A third of all remittances the country earned from foreign employment re-exited the country to foot the food import bill. Once a country with agricultural surplus, Nepal exported only Rs84 billion worth of food items.
Imports of even products like mangoes and guava which grow abundantly in Nepal have gone up. Nepal spent Rs1.2 billion importing just those two fruits in the past year. Nepal is a producer and exporter of tea and coffee, yet it imported Rs9.5 billion worth of the two products. The country’s dairy production has also increased, but Nepal still imported Rs2 billion worth of milk, cheese and other products.
India normally accounts for up to half these imports, with its post-lockdown share at 25%. Indian farmers receive support and subsidies in seeds, fertiliser, technology and irrigation, producing crops at competitive prices, which in turn flood the Nepali market. As a result, traditional Nepali variants are disappearing, replaced by cheaper, widely-available rice and other food items.
Nepal’s imports soyabean oil all the way from from Paraguay and Brazil, lentils from Australia, cooking oil from Russia, chillies from Indonesia and Vietnam, potatoes from Bangladesh, beans from Burma. Nepal may be self-sufficient in poultry products, but imports maize for chicken feed from Argentina.
“Cheaper and competitive imports, especially from India, are discouraging local farmers from commercial production,” says Devendra Gauchan of Nepal Agricultural Economics Society. Self-sufficiency in agriculture has been the motto of every government in the past decades, but Nepal’s dependence on the outside world for food is only growing.
The neglect of agriculture is evident in the fact that even though two-thirds of Nepalis depend on farming, the share of agriculture in the GDP has fallen to 25%.
A number of systemic issues plague the sector and waste Nepal’s agricultural potential, according to Gauchan. Workers are shifting away from agriculture to foreign employment and service-sector jobs, the latter now accounting for 61% of domestic production.
Only 56% of all arable land in Nepal is irrigated, with even less area getting year-round irrigation, meaning most farms still depend on the rains. Productivity is also falling because of the fragmentation of landholdings.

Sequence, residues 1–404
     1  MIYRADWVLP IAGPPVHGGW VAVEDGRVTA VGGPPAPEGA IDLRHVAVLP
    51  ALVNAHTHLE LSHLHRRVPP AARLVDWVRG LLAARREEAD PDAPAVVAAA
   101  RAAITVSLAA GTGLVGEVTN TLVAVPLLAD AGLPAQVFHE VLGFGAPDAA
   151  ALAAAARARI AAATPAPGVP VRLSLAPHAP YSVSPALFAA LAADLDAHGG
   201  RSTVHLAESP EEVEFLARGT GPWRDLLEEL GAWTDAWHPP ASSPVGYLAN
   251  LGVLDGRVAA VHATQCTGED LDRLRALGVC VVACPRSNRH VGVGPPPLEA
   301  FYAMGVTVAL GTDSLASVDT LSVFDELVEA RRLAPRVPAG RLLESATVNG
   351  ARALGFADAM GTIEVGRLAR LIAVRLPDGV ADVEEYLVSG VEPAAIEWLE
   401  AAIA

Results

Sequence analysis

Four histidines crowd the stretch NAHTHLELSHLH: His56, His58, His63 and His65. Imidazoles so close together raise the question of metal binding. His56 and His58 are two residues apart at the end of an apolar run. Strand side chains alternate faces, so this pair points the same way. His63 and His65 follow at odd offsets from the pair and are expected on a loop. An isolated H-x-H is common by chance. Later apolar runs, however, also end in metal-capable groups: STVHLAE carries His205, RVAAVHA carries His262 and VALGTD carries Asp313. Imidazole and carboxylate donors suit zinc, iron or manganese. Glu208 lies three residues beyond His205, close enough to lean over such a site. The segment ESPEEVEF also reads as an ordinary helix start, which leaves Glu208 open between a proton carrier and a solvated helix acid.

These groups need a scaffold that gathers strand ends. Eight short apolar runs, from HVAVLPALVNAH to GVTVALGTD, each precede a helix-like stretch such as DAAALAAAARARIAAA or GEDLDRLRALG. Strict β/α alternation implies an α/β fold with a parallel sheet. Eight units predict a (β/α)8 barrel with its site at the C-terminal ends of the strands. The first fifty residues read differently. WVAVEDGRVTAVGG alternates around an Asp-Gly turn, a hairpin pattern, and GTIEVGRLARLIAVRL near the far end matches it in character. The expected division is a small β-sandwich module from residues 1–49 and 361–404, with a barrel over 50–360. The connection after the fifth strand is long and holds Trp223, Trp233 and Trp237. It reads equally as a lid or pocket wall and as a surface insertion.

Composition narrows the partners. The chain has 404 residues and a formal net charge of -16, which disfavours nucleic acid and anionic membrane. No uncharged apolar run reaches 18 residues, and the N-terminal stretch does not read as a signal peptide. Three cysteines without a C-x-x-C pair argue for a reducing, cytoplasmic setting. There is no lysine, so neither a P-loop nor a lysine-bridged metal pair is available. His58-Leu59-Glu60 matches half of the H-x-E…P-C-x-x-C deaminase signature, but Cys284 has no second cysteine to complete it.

In addition, government investment, research and development and commercialisation towards agricultural technology, production and storage are sorely lacking. Only 6% of fiscal year 2021/22’s budget has been appropriated for agriculture. Meanwhile, farmers do not have access to markets, leaving produce to rot in the fields.
Despite plenty of potential, a lack of concrete supportive policies has left the country dependent on others for food it could produce itself. Policymakers do not know what products to promote and derive maximum benefit from, says agriculture expert Jeewan Rai.
“The mid-mountains have optimal conditions for fruits given enough research and investment, but the government has done nothing,” says Rai. Once exclusive to supermarket shelves, avocados are now available in every corner shop. Nepal imported 120,000 tonnes of avocado last year, some from as far away as Tanzania and Kenya.
To be sure, there are also positive trends. The rise in imports also indicates higher living standards and greater purchasing power of Nepalis. Once a country ravaged by malnutrition and hunger, the percentage of stunted children has dropped sharply from 57% in 1996 to 36% in 2016.
Much of the increased spending on food items is driven by a remittance boom, which brought in Rs9.61 trillion in the past year despite the pandemic – a near 10-fold growth in 15 years.
Transportation and globalisation have displaced local mainstays like buckwheat and millet with rice, which has become more affordable to the average Nepali. An emergent middle class is also driving up demand for more expensive long-grain and fragrant Basmati variants, most of which Nepali farmers can be nudged towards producing.
Demand for beer, for example, is also responsible for the dramatic rise in rice imports — beyond what Nepalis consume for food. Statistician Ram Krishna Regmi at the Ministry of Agriculture says domestic production figures for items like rice are over-estimations, swallowing up more and more imports to cover the data gaps.
But while a well-fed population is encouraging news, the priority must be to feed them with local produce and reduce the gaping trade deficit. The country must strive to produce and commercialise products tailored to its climate and soil, says Saurav Dhakal of Green Growth, which promotes local farming.
Dhakal adds, “If local varieties of fruits and vegetables can be researched and promoted, reliance on foreign imports can be cut.”